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JAMA Psychiatry. 2013 May;70(5):490-8. doi: 10.1001/jamapsychiatry.2013.87.

Onset timing, thoughts of self-harm, and diagnoses in postpartum women with screen-positive depression findings.

Author information

1
Department of Psychiatry and Behavioral Sciences, Asher Center for the Study and Treatment of Depressive Disorders, Northwestern University Feinberg School of Medicine, Chicago, IL 60611, USA. katherine.wisner@northwestern.edu

Abstract

IMPORTANCE:

The period prevalence of depression among women is 21.9% during the first postpartum year; however, questions remain about the value of screening for depression.

OBJECTIVES:

To screen for depression in postpartum women and evaluate positive screen findings to determine the timing of episode onset, rate and intensity of self-harm ideation, and primary and secondary DSM-IV disorders to inform treatment and policy decisions.

DESIGN:

Sequential case series of women who recently gave birth.

SETTING:

Urban academic women's hospital.

PARTICIPANTS:

During the maternity hospitalization, women were offered screening at 4 to 6 weeks post partum by telephone. Screen-positive women were invited to undergo psychiatric evaluations in their homes.

MAIN OUTCOMES AND MEASURES:

A positive screen finding was an Edinburgh Postnatal Depression Scale (EPDS) score of 10 or higher. Self-harm ideation was assessed on EPDS item 10: "The thought of harming myself has occurred to me" (yes, quite often; sometimes; hardly ever; never). Screen-positive women underwent evaluation with the Structured Clinical Interview for DSM-IV for Axis I primary and secondary diagnoses.

RESULTS:

Ten thousand mothers underwent screening, with positive findings in 1396 (14.0%); of these, 826 (59.2%) completed the home visits and 147 (10.5%) completed a telephone diagnostic interview. Screen-positive women were more likely to be younger, African American, publicly insured, single, and less well educated. More episodes began post partum (40.1%), followed by during pregnancy (33.4%) and before pregnancy (26.5%). In this population, 19.3% had self-harm ideation. All mothers with the highest intensity of self-harm ideation were identified with the EPDS score of 10 or higher. The most common primary diagnoses were unipolar depressive disorders (68.5%), and almost two-thirds had comorbid anxiety disorders. A striking 22.6% had bipolar disorders.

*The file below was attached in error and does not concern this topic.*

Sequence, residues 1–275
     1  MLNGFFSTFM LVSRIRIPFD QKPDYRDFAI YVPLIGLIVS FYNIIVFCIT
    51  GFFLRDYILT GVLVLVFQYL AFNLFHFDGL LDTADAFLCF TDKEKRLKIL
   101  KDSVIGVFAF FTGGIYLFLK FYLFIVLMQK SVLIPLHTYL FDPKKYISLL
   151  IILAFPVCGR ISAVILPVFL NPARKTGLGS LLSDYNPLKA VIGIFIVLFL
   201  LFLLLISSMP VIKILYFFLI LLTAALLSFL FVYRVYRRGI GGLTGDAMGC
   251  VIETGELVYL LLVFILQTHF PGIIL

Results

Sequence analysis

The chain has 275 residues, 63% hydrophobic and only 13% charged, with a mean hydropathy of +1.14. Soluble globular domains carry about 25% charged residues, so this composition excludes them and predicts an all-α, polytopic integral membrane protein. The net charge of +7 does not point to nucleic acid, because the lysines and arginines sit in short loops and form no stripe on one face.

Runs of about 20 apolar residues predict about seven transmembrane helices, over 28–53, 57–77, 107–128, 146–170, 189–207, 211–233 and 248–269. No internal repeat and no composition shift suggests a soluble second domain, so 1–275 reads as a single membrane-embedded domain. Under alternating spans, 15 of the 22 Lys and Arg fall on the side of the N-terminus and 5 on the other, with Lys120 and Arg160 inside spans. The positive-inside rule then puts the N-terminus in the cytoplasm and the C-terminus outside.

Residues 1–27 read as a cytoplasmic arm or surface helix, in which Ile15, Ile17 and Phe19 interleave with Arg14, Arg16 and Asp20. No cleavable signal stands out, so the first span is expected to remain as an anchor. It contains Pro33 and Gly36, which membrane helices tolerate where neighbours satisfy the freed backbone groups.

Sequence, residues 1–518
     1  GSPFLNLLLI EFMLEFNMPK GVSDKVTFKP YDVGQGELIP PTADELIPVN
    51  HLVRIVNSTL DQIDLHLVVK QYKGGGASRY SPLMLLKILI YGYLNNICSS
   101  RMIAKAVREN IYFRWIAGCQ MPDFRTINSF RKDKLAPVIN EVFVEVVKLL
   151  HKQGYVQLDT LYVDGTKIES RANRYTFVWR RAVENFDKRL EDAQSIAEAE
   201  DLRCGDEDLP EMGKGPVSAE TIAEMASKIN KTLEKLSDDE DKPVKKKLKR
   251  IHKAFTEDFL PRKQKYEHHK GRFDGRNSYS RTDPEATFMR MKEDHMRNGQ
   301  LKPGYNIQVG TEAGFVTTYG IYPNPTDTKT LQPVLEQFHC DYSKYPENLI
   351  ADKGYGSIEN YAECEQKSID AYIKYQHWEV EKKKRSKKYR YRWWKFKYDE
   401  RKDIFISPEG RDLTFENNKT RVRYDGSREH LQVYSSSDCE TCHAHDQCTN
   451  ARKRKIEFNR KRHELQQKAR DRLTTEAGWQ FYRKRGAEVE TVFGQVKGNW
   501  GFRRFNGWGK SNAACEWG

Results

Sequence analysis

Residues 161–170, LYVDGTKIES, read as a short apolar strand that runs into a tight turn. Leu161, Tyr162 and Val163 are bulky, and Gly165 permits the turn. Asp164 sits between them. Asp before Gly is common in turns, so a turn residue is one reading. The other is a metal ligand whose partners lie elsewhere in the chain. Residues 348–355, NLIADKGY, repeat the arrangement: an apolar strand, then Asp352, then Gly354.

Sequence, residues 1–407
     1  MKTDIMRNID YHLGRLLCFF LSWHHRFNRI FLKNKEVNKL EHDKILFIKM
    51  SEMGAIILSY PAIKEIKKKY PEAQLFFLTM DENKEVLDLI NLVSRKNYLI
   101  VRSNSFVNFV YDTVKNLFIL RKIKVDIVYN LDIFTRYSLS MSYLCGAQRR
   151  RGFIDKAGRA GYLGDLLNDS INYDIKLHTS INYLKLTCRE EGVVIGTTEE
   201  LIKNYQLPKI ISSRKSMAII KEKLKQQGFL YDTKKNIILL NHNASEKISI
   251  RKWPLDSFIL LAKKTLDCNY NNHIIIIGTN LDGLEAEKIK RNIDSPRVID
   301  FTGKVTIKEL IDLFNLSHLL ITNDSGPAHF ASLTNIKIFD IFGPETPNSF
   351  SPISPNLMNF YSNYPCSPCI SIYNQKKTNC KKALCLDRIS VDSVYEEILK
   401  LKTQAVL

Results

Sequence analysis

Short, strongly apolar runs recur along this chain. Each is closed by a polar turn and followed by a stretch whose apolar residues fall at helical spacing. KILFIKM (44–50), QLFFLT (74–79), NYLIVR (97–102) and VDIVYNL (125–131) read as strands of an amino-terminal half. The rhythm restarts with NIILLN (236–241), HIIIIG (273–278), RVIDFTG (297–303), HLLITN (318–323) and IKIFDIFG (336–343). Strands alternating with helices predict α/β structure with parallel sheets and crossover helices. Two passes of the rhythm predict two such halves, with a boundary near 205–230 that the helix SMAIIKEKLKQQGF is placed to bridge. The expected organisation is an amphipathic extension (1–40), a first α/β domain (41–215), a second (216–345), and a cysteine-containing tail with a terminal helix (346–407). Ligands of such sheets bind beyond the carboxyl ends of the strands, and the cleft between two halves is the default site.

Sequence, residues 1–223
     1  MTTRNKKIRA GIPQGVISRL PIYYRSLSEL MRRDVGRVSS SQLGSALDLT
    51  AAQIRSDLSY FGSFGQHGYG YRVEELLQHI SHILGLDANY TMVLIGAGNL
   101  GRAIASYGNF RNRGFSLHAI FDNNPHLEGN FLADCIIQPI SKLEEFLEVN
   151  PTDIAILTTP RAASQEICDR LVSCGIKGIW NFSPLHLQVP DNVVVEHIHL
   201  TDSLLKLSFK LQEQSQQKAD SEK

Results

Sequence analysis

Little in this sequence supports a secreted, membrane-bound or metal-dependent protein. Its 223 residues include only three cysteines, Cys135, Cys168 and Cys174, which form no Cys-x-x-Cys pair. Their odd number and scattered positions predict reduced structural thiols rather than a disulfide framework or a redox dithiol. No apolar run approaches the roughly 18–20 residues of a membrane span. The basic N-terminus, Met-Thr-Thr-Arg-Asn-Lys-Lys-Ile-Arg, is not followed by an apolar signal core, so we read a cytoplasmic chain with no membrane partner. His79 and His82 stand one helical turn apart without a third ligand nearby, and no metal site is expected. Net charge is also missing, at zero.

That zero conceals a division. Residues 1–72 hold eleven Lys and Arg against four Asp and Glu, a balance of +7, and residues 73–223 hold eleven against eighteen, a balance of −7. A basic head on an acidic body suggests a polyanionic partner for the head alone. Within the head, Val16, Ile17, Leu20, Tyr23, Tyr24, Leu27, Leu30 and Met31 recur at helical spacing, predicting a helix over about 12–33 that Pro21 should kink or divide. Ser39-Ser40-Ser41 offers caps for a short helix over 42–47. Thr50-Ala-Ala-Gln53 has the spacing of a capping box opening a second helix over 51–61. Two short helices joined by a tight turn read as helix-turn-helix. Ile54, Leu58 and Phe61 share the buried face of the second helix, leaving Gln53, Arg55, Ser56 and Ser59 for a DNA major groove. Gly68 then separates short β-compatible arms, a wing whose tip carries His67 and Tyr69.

CONCLUSIONS AND RELEVANCE:

The most common diagnosis in screen-positive women was major depressive disorder with comorbid generalized anxiety disorder. Strategies to differentiate women with bipolar from unipolar disorders are needed.

TRIAL REGISTRATION:

clinicaltrials.gov Identifier: NCT00282776.

PMID:
23487258
PMCID:
PMC4440326
DOI:
10.1001/jamapsychiatry.2013.87
[Indexed for MEDLINE]
Free PMC Article

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